Japan, for example, has only recently started to change its laws to allow more immigrants, even though it has had fertility rates lower than 2.1 since 1975, according to the UN.
Another problem is the fact that these are more traditional societies in terms of gender roles. This leads to an expectation that women assume a greater burden of domestic work than their partners — even if they have a similar level of education and insertion in the labor market. The result is that they often postpone or give up getting pregnant.
The solutions presented by local governments, generally centered on encouraging the population to have more children, do not seem to have been effective. Even so, they keep insisting on the path. Last year, Japan announced that it would increase the amount each couple earns for having their first child from 420,000 yen to 500,000 yen.
South Korea, for its part, promised a monthly allowance of 700,000 won to families with newborns and increased the period of paternity leave (valid for mothers and fathers) from 12 months to 18 months. Meanwhile, China has been experimenting with monthly subsidy payments at municipal and provincial levels.
“I think the leaders don’t understand that maternity is not something that lasts six months or a year”, says Laura Wong, vice-president of the International Union for Scientific Population Studies and professor at UFMG (Federal University of Minas Gerais).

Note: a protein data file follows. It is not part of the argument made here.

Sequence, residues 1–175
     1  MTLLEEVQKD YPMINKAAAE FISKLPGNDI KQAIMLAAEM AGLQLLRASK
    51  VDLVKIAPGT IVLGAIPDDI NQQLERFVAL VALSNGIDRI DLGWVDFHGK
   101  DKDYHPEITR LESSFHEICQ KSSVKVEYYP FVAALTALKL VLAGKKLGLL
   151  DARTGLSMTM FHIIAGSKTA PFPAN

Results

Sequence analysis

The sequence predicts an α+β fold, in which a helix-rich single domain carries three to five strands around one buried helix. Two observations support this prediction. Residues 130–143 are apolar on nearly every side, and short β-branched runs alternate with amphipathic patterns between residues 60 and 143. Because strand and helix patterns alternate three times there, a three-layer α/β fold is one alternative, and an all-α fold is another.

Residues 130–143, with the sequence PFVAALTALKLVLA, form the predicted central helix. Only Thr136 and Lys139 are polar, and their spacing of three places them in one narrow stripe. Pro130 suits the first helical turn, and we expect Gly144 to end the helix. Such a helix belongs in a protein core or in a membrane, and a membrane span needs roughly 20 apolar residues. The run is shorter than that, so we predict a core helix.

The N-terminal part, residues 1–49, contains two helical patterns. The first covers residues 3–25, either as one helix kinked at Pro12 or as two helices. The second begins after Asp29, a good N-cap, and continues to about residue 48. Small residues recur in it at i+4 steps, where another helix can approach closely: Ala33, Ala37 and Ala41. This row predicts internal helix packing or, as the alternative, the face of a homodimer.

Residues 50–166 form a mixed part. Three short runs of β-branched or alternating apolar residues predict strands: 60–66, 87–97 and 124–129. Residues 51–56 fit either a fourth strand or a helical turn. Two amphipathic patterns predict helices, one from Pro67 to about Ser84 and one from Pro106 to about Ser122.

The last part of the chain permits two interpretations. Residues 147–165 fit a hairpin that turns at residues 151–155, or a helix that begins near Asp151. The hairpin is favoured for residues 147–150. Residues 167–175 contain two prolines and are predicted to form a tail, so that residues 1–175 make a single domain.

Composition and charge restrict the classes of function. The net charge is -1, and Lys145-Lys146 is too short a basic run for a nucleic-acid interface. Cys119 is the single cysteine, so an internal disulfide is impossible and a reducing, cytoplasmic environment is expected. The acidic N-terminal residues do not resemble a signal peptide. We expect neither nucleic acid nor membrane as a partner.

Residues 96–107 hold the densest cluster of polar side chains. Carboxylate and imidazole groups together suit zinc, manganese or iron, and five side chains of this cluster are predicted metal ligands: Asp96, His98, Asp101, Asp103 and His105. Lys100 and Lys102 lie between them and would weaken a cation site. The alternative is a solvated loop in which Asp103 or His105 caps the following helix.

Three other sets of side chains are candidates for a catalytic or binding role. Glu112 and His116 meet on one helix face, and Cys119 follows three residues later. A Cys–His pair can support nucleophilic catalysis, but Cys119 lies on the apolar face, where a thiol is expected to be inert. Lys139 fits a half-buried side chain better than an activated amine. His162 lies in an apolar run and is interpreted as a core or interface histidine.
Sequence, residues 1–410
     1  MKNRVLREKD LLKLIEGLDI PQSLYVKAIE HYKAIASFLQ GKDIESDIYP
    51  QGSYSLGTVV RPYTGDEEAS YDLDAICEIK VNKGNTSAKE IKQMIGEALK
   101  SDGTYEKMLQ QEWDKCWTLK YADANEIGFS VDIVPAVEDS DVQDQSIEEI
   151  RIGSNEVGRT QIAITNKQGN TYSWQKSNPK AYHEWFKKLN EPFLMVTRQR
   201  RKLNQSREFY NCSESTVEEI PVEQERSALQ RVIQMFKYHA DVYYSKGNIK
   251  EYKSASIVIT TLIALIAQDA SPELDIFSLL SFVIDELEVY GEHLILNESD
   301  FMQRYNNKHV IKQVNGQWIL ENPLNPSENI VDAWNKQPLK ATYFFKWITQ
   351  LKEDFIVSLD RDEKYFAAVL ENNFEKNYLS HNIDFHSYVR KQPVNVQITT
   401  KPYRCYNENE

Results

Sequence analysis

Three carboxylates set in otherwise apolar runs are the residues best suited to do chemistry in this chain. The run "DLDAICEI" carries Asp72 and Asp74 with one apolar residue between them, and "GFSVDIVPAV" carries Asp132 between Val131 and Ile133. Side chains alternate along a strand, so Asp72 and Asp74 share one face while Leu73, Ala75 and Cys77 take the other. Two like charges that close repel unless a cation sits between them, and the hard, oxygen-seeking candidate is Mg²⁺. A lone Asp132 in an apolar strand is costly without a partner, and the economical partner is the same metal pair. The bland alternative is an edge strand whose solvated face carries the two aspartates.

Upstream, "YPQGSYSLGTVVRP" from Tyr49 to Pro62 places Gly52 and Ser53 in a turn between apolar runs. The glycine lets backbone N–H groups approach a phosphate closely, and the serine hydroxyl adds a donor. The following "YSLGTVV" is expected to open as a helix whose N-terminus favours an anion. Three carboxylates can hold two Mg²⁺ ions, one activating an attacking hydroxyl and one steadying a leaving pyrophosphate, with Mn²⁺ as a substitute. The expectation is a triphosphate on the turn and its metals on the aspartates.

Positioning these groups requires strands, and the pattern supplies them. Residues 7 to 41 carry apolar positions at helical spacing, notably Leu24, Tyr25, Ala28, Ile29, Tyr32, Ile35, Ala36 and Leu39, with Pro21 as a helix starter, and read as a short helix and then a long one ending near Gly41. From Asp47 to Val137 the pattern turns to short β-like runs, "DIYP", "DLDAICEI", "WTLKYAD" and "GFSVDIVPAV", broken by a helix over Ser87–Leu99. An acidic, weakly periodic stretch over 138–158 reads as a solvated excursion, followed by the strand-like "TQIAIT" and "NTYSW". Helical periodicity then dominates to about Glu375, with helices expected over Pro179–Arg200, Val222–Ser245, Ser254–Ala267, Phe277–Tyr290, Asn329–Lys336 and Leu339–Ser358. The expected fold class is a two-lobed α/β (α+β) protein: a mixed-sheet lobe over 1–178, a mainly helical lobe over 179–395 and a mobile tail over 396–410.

She claims that what is noticeable in state policies such as those proposed by Japan and Korea is that they can even encourage women who were already planning to become pregnant to carry out their plans. But they do not interfere with the number of children desired, nor do they impact the decision to get pregnant.
The researcher considers that, while gender inequality can cause a drop in the fertility rate, it is also true that policies that encourage equality between men and women can lead the population to consider having more children, as was the case of some Scandinavian countries —which, for the most part, continue with suboptimal rates.
Wong says that the exception to this scenario of infertility in Asia may be China. By having an authoritarian regime, the country ended up exercising more control over the directions of the population.
In any case, moments like the demographic transition that the country is experiencing now can serve as an opportunity to think about the future and invest in the new generations, which will sustain the others, says the researcher. Something that, she stresses, Brazil did not do when it should.
Uehara is another who draws parallels between the situation of the countries in the region and the Brazilian reality, which should face a population decline around 2040. “We know that we are on the same path. We have to look a lot at these economies to try to anticipate our answers.”